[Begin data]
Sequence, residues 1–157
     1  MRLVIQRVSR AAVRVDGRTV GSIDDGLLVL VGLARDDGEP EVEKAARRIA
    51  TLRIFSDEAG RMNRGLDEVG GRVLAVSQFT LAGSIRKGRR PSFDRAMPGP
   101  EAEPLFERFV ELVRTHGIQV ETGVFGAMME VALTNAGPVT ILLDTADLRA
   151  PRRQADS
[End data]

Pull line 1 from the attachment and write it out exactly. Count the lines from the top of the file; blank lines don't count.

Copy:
Sequence, residues 1–157